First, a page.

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Dinosaur and Wood Fossils from the Cretaceous Corwin Formation in the National Petroleum Reserve, North Slope of Alaska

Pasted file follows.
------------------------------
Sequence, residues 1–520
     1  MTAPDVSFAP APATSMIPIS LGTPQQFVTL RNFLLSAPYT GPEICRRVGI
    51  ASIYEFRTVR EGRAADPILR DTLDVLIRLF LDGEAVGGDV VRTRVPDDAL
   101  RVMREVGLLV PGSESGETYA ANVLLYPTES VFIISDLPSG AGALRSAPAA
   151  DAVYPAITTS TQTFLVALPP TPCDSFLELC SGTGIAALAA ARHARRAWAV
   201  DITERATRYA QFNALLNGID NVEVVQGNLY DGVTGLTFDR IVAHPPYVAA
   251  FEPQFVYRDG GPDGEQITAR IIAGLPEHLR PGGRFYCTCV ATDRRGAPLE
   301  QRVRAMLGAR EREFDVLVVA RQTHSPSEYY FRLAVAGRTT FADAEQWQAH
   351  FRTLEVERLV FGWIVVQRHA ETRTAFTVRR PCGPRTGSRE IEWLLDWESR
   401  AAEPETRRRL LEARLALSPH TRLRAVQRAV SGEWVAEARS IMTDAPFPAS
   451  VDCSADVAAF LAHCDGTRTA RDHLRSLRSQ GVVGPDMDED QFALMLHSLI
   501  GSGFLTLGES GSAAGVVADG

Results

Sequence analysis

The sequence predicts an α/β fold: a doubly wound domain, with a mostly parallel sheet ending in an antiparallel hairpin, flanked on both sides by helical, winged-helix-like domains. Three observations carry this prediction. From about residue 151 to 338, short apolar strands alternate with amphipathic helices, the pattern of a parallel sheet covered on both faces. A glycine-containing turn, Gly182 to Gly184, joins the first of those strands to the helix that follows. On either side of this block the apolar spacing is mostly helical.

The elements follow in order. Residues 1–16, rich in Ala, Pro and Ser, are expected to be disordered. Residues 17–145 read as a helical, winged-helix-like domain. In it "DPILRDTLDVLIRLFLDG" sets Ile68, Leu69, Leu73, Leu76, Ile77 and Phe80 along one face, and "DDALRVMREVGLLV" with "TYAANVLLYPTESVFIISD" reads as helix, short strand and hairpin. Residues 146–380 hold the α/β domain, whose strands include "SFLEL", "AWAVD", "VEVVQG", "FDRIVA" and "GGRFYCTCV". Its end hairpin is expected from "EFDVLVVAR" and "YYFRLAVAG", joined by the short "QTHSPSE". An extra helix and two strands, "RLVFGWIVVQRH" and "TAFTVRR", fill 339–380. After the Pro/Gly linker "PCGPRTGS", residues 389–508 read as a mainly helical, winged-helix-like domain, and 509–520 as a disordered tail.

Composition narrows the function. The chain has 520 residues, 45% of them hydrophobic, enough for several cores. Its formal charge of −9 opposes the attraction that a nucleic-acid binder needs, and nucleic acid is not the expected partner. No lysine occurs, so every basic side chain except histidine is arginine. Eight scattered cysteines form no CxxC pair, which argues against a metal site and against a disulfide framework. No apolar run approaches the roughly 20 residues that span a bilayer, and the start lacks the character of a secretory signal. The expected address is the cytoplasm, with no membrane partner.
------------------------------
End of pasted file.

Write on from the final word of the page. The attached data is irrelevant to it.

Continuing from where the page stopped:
Fossil dinosaur skin impressions and tracks and fossil wood were collected in 1978 from the Cretaceous Corwin Formation during field investigations of coal deposits in the National Petroleum Reserve on the North Slope of Alaska. The fossils were discovered in sandstones in cutbanks of the Kokolik River and its tributaries, 315 kilometers north of the Arctic Circle. They occur in an ancient, river-dominated, bird-foot delta system that extends from near the north edge of the Brooks Range northward across the Arctic Coastal Plain and for distances under the Chukchi Sea. The fossils provide limited evidence for a warm, temperate to subtropical climate and a swampy, forested landscape for northern Alaska between 100 million and 70 million years ago.
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